I was telling my wife that because of the recession all of my efforts to help change the collision industry have been for nothing. I was complaining that nothing has changed, except now I have a giant bull’s eye on my back.
She set me straight and told me what I accomplished wasn’t about everyone else. It was about me doing what I thought was right. I could lose everything and still hold my head up knowing that I did, or tried to do, the right thing. 
Everything isn’t always about money and “success is only a matter of one’s own perception.” I mean, no matter how successful I may think I am, there are many social circles where I would not be considered very successful. So everything becomes about who we are and what we stand for and how valuable our integrity and our honor are to us.
I know that there are many people that say, “it’s just business,” or “I don’t make the rules.” Well, I have news for you. If you don’t make the rules who does? Does this mean now there are no rules? No, there are rules and there is accountability and we will reap what we sow. Remember the ‘Golden Rule.’ “Do unto others as you would have them do unto you. “We want the buck no matter what” is just not right.
Where did this all go wrong? We have all watched a subtle change throughout  our financial world and we have come to accept the lack of integrity and honor as acceptable business practice. We need to wake up and go back to the Lonesome Dove days when our “word” not our “net worth” was what defined us.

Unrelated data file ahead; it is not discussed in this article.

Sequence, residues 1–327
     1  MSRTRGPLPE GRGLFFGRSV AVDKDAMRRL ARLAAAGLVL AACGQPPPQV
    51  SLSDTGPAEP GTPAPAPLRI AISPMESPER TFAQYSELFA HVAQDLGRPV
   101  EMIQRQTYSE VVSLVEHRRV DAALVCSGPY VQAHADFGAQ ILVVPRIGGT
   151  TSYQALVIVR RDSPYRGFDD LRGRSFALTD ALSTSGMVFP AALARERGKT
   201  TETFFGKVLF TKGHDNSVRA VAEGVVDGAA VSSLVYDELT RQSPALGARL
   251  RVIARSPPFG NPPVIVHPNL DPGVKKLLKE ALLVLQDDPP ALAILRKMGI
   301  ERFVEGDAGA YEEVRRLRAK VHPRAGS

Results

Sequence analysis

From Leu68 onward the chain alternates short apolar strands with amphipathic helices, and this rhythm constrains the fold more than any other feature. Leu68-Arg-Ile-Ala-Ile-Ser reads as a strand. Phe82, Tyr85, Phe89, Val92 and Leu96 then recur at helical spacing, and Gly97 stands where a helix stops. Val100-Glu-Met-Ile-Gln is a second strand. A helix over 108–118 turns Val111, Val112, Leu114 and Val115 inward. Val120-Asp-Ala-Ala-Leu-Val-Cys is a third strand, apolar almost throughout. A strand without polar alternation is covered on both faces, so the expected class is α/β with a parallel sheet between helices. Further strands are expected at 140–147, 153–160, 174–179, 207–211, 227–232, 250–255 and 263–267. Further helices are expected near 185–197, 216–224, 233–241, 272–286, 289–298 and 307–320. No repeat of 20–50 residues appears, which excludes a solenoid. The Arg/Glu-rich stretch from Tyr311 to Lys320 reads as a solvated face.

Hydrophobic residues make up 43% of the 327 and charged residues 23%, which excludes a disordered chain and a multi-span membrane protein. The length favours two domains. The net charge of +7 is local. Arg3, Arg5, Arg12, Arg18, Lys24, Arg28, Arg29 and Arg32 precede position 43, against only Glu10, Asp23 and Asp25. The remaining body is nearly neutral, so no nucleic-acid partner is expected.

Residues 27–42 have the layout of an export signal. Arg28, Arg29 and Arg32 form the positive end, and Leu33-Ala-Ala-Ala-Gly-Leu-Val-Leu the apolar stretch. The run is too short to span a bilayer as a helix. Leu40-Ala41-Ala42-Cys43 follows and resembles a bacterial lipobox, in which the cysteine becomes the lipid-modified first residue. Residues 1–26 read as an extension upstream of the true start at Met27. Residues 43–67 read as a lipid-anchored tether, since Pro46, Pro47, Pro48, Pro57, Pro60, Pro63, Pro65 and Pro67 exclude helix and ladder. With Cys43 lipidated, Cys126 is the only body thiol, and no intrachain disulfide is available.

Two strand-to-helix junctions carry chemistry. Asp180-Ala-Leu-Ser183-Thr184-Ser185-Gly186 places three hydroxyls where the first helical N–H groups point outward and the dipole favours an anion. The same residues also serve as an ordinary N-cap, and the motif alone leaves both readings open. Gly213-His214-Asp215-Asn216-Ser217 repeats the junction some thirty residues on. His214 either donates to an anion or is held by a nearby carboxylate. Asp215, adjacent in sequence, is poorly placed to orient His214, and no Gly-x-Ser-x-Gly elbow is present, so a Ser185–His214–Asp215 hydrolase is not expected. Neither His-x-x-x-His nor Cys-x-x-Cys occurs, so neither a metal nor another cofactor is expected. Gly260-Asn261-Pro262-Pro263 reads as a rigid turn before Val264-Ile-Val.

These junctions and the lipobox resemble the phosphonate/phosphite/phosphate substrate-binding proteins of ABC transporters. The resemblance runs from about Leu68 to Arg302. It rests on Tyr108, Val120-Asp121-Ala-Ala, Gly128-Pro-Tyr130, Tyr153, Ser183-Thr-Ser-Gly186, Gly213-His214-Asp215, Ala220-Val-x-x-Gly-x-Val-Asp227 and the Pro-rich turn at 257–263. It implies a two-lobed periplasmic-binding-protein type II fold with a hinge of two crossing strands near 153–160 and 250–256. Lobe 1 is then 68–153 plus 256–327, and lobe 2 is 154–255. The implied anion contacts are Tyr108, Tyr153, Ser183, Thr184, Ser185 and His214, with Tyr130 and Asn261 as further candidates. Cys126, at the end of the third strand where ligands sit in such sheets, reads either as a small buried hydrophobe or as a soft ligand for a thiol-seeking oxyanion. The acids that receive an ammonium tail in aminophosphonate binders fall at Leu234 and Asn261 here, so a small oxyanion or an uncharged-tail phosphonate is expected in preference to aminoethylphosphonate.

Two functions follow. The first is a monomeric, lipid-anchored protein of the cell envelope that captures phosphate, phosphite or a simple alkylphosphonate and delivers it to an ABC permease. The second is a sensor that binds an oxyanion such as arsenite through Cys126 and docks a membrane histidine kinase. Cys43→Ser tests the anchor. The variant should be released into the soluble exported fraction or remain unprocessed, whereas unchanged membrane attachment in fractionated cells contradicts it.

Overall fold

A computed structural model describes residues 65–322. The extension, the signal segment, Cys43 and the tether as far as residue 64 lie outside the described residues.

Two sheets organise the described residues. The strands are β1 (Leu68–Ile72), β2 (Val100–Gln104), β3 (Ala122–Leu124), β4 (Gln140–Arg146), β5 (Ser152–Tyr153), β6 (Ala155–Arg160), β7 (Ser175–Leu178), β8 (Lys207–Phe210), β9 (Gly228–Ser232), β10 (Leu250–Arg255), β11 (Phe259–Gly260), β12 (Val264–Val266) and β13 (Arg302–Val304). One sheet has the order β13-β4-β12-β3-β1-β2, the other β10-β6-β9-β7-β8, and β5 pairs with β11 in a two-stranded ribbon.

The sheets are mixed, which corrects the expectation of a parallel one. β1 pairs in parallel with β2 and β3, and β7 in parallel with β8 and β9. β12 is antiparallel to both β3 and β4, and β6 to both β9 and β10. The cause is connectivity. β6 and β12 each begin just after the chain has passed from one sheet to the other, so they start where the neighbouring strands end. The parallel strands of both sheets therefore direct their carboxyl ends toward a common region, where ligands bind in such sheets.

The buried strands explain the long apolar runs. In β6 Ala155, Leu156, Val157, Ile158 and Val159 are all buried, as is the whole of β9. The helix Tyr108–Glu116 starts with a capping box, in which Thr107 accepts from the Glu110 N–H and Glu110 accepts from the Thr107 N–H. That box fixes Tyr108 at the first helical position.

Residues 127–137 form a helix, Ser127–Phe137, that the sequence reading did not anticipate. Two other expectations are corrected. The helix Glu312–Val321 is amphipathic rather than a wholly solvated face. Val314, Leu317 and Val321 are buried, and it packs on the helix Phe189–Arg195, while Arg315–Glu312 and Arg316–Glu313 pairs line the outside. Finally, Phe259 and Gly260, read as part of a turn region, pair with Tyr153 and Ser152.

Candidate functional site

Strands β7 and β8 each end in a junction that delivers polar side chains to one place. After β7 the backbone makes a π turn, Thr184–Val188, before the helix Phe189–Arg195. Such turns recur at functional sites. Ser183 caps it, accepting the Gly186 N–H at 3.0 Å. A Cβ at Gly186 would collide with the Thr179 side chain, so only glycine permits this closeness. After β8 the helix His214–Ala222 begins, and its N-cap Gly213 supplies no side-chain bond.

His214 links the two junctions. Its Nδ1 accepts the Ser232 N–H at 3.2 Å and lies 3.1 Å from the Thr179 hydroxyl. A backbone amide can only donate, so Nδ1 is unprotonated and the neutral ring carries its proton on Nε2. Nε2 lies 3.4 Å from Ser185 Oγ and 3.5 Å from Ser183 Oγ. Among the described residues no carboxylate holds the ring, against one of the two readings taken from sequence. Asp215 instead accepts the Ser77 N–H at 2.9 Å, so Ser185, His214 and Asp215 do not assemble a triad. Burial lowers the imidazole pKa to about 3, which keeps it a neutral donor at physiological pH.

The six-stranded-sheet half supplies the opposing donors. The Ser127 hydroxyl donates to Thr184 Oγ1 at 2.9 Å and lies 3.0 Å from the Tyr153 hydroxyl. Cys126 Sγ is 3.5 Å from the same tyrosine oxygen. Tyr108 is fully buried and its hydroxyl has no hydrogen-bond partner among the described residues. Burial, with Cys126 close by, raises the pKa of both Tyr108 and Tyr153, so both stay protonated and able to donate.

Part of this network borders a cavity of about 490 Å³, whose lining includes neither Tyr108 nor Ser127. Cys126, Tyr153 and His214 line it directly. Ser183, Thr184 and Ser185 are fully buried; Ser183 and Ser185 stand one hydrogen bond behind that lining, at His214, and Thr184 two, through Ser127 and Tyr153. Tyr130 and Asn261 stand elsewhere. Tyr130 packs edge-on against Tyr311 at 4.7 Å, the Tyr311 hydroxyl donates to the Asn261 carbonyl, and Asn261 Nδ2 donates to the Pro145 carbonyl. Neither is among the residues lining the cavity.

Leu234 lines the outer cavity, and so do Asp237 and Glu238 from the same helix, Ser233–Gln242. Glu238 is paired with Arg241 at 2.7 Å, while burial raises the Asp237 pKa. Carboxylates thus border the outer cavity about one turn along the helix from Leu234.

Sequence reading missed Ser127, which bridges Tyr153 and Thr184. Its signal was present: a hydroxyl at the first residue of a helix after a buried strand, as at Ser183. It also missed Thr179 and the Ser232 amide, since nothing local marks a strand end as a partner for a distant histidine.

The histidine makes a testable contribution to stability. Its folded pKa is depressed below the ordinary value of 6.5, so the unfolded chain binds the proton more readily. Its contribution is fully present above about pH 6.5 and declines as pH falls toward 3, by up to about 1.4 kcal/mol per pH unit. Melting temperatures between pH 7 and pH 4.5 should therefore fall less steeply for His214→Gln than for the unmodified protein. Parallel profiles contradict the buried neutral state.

My Dad once said to me, “Hey son, it won’t do you any good to be the richest guy in the graveyard.”
It took some time for me to understand what he was telling me. Were my priorities mixed up, or was I just working too hard? What he meant was I was working too hard for the wrong reasons. It’s not about our stuff, it’s about who we are, and money doesn’t make the man.
It really doesn’t matter how much money you make, but it does matter, how you make it. What does it profit a man to gain the whole world and lose his soul?  When we are required to sell ourselves out to stay in business then it’s time to get out of business. We need to regain our perspective and add honor and integrity to the way we repair vehicles. How much money will someone trade for their life? The answer, all of it. So when we start talking about safety and the safety of others excuses will not cut it.
If there were a hospital director that hired a staff of doctors that continued to harm patients because neither he nor they had the proper training or equipment necessary, they would be removed from their positions. They could have the best intentions but intentions mean nothing without the training and equipment necessary to do the job.
When it comes to collision repair, “safety” is a big issue and knowing the proper way to repair a collision-damaged car and using the proper equipment is a priority. There are too many shops that think they can remain in business with the “status quo” and really aren’t investing in their futures. It is “wrong” if you “fail to do what is right” when you repair your customers’ vehicles. We need to quit making excuses and give our customers the repair they trusted us for and start wearing our integrity like a badge of honor.
Otherwise, when the victims say “get a rope,” and we’re under the tree, we’re going to have to spur our own horses.

More in this category: “Every Man For Himself” »